Initial attempts to support the `desktop metaphor' pushed graphical facilities and processor speeds to their limit. The Apple company had been founded by Steve Jobs & Steve Wozniak in 1976. Initially, they produce a series of kit machines similar to those that led to the IBM PC. They hit upon the idea of pushing the code needed to represent the desktop into hardware. Graphics and device handling were burned into ROM (read only memory). This led to a higher degree of consistency because it became less easy to change the look and feel of the interface. Apple provide greater detail on their early history.

The Future

The history of computation has seen a number of major themes: All of these trends indicate the user interface design will of critical importance in an increasingly competitive marketplace.

A number of future directions can be predicted for the development of user interfaces:

Without design skills we will lose the opportunities that are being created by this technology. Many multimedia `titles' have already been abandoned because they do not meet the user requirements. The remainder of this course will provide you with the user interface design techniques that are needed to make the most of these emerging technologies.

Never Trust Designers' Intuition...

This section isn't intended as an attack on commercial software designers. Instead, it argues that you should always question designers' intuition about the usability of interactive systems. There are very few systems whose designers are typical of the user population. One of the reasons for this is the sheer diversity of many user populations:

One of the things that emerges from this analysis is that interface designers must understand their user population. They can only do this if they talk to their marketing department. Further constraints may be imposed by regulatory authorities and by government directives.

Designing For Novices?

The original idea behind the Apple Macintosh desktop was that novice and casual users should find it relatively easy to learn how to operate the system. This, as we have seen, was largely a reaction to the problems that people experienced when learning how to use the DOS command language. Apple chose to exploit a WIMP style of interaction (Windows, Icons, Mice and Pointing devices). The justification for this is that users do not have the cognitive load of remembering obscure command names. Instead frequent operations, such as deleting a file, can be done graphically. Commands are easy to find because they are accessible through menus. You don't have to remember their names because you can find them by exploiting the options under a menu heading. Apple also chose to 'grey out' items that were unavailable. This helps novice users to learn when to use particular commands.

So far, so good. An inevitable consequence of having a large novice population is, however, that some of them will carry on to become expert users. This creates problems because WIMPs can be frustrating during frequent use. The user has to move their hand away from the keyboard. They have to find the mouse, typically hidden under 20 or 30 paper documents, and pull it over to the appropriate menu etc etc. In the Macintosh this has led to the use of keyboard accelerators. By hitting chords (this involves pressing several keys at the same time), users can by-pass the menu structure and directly issue commands from the keyboard. This saves a lot of time but some of the chords are far more obscure than in DOS, (shift, command, 3, to print the image of my desktop!). The success of the Macintosh can partly be explained by the support it provides at both ends of the expertise spectrum.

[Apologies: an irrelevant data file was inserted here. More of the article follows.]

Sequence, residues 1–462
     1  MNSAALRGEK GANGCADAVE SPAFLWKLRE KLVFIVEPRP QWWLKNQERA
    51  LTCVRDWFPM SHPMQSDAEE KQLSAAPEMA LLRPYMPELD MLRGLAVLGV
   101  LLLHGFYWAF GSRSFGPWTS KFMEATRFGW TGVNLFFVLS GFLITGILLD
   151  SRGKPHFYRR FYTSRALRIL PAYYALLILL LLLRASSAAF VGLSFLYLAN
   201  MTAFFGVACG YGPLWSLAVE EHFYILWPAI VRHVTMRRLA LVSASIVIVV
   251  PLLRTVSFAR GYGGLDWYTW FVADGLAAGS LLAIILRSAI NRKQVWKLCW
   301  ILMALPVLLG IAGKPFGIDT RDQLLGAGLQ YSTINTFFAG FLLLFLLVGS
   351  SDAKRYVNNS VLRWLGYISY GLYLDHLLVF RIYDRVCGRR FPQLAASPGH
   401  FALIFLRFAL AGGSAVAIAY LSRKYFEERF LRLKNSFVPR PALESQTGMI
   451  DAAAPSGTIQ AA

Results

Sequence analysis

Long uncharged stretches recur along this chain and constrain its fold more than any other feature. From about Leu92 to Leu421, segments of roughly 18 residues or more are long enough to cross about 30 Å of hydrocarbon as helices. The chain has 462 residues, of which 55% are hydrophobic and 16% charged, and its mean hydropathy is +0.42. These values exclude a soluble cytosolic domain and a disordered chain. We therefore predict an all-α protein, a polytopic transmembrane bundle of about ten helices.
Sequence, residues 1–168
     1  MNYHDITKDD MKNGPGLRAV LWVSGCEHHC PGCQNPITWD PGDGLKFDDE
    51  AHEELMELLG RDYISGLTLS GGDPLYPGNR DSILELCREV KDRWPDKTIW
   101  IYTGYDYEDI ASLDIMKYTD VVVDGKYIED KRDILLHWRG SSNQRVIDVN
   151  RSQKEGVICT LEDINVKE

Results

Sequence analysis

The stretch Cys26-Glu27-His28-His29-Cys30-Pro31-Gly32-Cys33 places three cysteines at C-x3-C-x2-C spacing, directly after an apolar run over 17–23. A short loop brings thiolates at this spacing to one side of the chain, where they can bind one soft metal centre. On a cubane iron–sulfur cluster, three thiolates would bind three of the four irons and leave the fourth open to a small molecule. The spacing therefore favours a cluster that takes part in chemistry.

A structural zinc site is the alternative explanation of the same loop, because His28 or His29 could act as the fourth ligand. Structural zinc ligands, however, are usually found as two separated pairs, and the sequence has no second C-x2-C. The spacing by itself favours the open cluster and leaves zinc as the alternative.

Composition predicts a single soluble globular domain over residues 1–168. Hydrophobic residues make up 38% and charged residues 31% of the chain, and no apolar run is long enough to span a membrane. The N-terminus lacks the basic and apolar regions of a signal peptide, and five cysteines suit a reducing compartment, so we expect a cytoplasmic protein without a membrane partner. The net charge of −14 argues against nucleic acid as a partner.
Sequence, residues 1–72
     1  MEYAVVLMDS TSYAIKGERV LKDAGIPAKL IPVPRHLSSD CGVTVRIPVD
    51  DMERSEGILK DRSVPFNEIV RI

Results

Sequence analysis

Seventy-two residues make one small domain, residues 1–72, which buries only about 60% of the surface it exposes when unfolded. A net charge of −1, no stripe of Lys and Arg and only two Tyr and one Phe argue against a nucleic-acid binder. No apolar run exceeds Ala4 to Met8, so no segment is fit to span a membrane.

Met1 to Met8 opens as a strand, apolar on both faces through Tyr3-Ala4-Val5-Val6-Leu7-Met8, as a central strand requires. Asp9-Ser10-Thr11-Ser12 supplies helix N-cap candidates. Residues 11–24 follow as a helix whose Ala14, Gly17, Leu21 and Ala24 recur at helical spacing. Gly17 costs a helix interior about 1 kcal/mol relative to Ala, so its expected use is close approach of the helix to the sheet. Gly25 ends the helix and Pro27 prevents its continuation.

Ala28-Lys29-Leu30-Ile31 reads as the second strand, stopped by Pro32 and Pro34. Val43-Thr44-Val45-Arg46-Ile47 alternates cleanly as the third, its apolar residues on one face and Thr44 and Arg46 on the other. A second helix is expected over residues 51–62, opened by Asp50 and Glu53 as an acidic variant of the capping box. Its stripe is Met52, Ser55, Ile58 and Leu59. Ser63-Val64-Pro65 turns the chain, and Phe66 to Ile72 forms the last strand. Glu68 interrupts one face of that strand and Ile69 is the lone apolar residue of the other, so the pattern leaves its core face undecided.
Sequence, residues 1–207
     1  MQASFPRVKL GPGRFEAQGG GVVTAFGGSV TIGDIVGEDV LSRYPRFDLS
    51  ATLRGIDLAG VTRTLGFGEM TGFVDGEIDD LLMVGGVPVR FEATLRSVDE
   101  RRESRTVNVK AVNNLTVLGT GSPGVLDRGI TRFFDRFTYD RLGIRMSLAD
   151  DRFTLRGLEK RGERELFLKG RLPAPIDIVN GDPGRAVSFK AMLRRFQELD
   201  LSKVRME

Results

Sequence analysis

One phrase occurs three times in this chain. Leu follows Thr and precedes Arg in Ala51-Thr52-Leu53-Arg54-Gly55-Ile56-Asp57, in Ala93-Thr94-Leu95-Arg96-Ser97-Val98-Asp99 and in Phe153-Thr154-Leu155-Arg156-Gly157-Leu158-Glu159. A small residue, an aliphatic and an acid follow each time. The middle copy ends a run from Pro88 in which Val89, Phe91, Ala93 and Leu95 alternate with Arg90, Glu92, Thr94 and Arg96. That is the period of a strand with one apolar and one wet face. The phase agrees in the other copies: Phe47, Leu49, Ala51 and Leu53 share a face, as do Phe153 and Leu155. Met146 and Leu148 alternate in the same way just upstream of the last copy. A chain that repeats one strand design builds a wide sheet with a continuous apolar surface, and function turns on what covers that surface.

Novices quickly turn into experts if your interface is well-designed.

Designing For Experts?

The UNIX operating system was essentially developed by Thompson and Ritchie for expert users. Its command line style of interaction supports high-speed interaction without the need for menu exploration. By making the command language configurable, users can create their own specialised commands. Such facilities create problems for novice users who must continually re-learn the local dialects created by generations of user-defined scripts.

In the opposite manner to the Apple Macintosh, the success of UNIX as a platform for expert users meant that increasing numbers of people were being expected to learn the system. Some of these were `novices' in the classic sense. They were intermittent users who only wanted to exploit programs or results that were generated on UNIX machines. At the same time, expert users became familiar with some of the advantages that WIMP interfaces provide for particular tasks, such as reading news or composing letters. In consequence, window managers were developed to provide the graphical environment of the Macintosh and Windows together with the flexibility of the UNIX command language.

The moral of UNIX and the Macintosh is that if your system is successful you will need to support both novices and experts. When first designing your system, however, you must be aware of the existing level of computer literacy in the target population. UNIX would not have been appropriate for many of the users who were first introduced to the Macintosh. Conversely, a WIMP style of interaction would not have been appropriate for the scientific and high-volume data entry tasks that were first supported by UNIX.